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Authored by Dr. Mark R. Shulman. | April 2006
Weapons of mass destruction (WMD) have menaced mankind for six decades. Since the end of the Cold War, the threat has changed dramatically with the development of new weapons, with the rise of transnational criminal and terrorist organizations, and with a diminishing capacity of some states to control the weapons they have. In the hands of an Al Qaeda, such a weapon threatens to kill tens of thousands and destroy tens of billions of dollars worth of property. It could bring global trade to a standstill and trigger panic, economic depression, and widespread suffering the likes of which have not been seen for many years.
Containing the threat of WMD requires action on several fronts. States that legitimately possess nuclear, biological, or chemical weapons must work to ensure that they will not be used and that they eventually will be decommissioned. States that illegitimately possess them must abandon them. States that do not possess them must refrain from obtaining them. Nonstate actors must never possess them. One key to achieving these objectives is to halt the flow of WMD across borders.
The U.S.-led Proliferation Security Initiative is a bold and timely multilateral initiative to prevent the proliferation of WMD and the materials used to construct them. To accomplish this objective, the Initiative facilitates information-sharing in order to better identify and locate shipments of WMD. It also contemplates the interdiction of shipments of weapons and materials?by force if necessary. Since announced in 2003, the Initiative?s efforts have focused on halting the flow of WMD across the world?s oceans. In the future, its activities may extend to land-based interdictions.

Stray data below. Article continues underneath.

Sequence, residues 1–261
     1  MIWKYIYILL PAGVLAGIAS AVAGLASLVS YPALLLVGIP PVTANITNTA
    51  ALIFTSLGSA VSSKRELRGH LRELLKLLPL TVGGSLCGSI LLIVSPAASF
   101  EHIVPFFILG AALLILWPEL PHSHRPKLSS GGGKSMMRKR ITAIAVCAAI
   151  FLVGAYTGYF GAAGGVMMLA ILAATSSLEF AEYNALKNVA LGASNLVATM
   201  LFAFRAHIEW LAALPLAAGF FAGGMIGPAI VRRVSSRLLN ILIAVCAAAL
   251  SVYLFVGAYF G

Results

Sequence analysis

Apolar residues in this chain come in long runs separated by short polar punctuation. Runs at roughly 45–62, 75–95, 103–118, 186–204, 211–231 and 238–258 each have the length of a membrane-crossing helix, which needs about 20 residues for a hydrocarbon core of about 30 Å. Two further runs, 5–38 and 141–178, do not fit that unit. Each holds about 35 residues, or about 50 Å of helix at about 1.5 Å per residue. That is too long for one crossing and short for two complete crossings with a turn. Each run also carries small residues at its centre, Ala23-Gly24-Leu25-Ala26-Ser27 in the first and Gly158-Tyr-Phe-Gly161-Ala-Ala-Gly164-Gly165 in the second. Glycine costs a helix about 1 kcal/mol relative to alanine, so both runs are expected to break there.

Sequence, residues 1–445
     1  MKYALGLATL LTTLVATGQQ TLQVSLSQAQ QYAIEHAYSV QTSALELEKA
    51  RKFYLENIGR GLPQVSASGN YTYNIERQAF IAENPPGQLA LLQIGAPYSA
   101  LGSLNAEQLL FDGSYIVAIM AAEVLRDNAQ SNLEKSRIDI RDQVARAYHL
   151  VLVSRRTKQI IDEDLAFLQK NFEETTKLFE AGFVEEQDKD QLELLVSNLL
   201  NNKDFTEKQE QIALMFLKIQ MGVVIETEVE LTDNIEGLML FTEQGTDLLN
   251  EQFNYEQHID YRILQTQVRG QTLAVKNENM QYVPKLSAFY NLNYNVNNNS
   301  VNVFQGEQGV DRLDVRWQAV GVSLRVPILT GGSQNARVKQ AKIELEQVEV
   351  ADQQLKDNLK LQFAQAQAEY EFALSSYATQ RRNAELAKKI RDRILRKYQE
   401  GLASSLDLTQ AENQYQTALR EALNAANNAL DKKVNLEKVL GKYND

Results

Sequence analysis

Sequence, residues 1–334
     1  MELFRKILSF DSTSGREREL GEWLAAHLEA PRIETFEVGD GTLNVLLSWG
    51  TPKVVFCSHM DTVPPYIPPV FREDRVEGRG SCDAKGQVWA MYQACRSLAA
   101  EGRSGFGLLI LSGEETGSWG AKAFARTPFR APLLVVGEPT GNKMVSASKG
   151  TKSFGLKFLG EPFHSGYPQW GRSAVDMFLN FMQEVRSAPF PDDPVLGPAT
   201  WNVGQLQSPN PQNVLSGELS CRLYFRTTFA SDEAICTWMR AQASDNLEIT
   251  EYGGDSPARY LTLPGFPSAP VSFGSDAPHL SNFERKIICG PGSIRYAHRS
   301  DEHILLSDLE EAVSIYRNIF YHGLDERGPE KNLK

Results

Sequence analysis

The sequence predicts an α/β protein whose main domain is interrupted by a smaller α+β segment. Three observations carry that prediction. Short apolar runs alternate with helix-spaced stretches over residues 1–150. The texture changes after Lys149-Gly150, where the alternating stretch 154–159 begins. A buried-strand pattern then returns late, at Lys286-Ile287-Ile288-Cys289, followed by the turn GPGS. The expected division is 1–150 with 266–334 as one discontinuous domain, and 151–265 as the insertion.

While a product of a presidential administration infamous for its unilateralism, the Initiative has received widespread support. United Nations (UN) Secretary General Kofi Annan has explicitly endorsed it. At least 60 states are participating in it at one level or another, including Great Britain, but also France, Russia, Germany, Italy, Japan, and Spain. Unfortunately, support is not universal.
The Initiative constitutes one of the most important recent developments in the area of international peace and security, and may also add up to the most exciting changes in the area of public international law. It has the potential to alter fundamentally the transnational legal framework for the use of force by states. Force may become a more ordinary tool that sits on a spectrum of means by which political objectives can be achieved. By blurring the lines between war and peace, the Initiative eventually may permit states to use highly targeted and entirely proportionate force for limited purposes to further security objectives without triggering war and all the horrors that it entails.
Implementation of this Initiative raises serious legal challenges by questioning the basic principles of the international system: the sovereignty of states in general and freedom of the seas in particular. The Initiative eventually may overcome these challenges by increasing the transparency of its decisionmaking apparatus and criteria, by continuing to expand its base of support through diplomacy and dialogue, and working within the rule of law to create a new base norm that prohibits the proliferation of WMD. This monograph describes the Initiative, its legal status, and its prospects for becoming a significant tool in the quest to prevent mass destruction.